Frumenty (wheat porridge)
Frumenty (wheat porridge)
Frumenty (also known as Furmenty) is an easy-to-make wheat porridge. It was used in medieval times as an accompaniment to meat dishes and also as a breakfast cereal.
- 275 grams (10 ounces) of Kibbled Wheat or Bulgur (cracked wheat)
- 1.1 litres (2 pints of water)
- 150 ml (1 cup) of meat or chicken stock
- 2 egg yolks, well beaten
- Pinch of dried saffron strands
- Salt to taste
Note: The original recipe calls for ordinary wheat but it is much easier to use bulgur.
Fresh milk instead of meat or chicken stock. Much nicer for breakfast!
Above picture illustrates plain wheat ready for use in frumenty
Original fourteenth or fifteenth century English recipe for Frumenty:
Tak clene whete & braye yt wel in a mortar tyl the holes gon of; seethe it til it breste in water. Nym it vp & lt it cole. Tak good broth & swete mylk of kyn or of almand & tempere it therwith. Nym yelkys of eyren rawe & saffroun & cast therto; salt it;lat it naught boyle after the eyren ben cast therinne. Messe it forth with venesoun or with fat motoun fresch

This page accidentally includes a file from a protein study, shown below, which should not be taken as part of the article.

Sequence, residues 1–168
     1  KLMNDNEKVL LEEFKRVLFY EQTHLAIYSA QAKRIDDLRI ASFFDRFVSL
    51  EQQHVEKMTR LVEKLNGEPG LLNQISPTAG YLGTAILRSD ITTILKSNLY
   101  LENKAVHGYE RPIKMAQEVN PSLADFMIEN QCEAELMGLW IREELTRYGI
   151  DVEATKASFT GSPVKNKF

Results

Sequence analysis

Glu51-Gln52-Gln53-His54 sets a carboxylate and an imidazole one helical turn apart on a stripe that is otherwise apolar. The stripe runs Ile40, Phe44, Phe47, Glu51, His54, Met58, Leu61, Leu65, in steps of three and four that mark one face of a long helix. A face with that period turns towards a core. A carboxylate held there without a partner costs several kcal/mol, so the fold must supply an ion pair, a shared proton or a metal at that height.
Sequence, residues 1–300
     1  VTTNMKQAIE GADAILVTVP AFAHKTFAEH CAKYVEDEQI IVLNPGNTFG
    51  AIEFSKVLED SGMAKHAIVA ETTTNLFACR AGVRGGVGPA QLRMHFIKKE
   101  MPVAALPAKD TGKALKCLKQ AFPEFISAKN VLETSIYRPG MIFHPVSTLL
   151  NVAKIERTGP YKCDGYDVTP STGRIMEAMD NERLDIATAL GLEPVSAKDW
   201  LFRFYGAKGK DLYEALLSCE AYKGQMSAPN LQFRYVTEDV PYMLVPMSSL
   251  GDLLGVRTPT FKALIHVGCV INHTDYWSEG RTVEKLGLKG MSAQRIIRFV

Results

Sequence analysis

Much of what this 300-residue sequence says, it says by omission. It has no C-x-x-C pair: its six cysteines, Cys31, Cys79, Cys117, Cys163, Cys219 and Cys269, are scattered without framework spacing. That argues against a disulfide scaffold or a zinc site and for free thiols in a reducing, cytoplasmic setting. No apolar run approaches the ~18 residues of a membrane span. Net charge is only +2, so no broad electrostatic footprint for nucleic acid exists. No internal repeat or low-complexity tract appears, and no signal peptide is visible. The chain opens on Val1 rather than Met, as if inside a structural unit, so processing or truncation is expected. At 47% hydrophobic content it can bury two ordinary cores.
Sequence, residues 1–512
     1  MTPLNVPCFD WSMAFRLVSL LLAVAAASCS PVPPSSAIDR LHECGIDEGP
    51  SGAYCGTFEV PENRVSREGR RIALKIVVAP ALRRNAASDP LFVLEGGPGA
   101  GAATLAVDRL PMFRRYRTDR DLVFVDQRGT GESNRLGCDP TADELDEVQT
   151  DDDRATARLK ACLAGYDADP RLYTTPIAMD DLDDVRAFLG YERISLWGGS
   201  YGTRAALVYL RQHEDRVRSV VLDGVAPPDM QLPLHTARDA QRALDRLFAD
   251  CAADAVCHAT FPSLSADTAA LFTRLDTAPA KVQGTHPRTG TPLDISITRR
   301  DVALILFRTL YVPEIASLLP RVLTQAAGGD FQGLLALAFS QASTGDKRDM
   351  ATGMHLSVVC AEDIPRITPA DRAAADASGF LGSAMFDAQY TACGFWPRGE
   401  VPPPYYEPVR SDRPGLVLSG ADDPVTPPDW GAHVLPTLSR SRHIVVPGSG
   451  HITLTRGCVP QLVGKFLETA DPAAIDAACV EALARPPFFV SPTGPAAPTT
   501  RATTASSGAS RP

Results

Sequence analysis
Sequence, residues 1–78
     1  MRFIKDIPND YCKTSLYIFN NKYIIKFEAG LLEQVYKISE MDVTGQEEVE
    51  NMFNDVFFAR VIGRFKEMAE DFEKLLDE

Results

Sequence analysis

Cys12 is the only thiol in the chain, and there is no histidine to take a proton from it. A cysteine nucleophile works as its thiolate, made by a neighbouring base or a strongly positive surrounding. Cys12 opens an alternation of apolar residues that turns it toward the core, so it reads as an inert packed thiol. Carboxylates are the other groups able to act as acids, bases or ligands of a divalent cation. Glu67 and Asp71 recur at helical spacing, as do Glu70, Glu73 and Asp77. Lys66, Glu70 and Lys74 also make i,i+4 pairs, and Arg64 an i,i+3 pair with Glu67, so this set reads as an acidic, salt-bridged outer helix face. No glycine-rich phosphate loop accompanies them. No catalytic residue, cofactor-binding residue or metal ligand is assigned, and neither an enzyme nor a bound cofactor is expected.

From "Curye on Englysch", Hieatt & Butler, Oxford University Press, 1985
- Bring the water to the boil and add the wheat.
- Cover and simmer over a low heat for 15 minutes or until the wheat has softened
- Let the mixture stand for about 15 minutes or until all the water has been absorbed.
- Add the stock or milk (according to your preference) and bring the mixture to the boil.
- Add a little salt if required and then stir over a low heat for 3 minutes.
Frumenty made this way (sometimes made with barley instead of wheat) was standard fare for the Saxon peasantry.
For a richer dish, more suited to Norman overlords, add two egg yolks and a pinch of dried saffron to the finished frumenty. Stir well over a low heat (without boiling) until the egg begins to set and the saffron colours the porridge yellow. Take off the heat and leave for a few minutes before serving to allow the egg to set properly.
Plain frumenty makes excellent and extremely filling breakfast porridge.
The saffron and egg version should be served as an accompaniment to strongly flavoured meat such as venison, wild boar or well-hung game.
Breakfast: Serve with brown (unrefined) sugar, honey or molasses.
With meat: Garnish with a sprig and sprinkle of fresh parsley.
Medieval recipes should not be seen as fixed lists of ingredients with precise instructions on how to cook them. Use your imagination, knowledge, skill and ingenuity to make them work for you. Most important of all is to enjoy cooking the food that has shaped the history of the UK.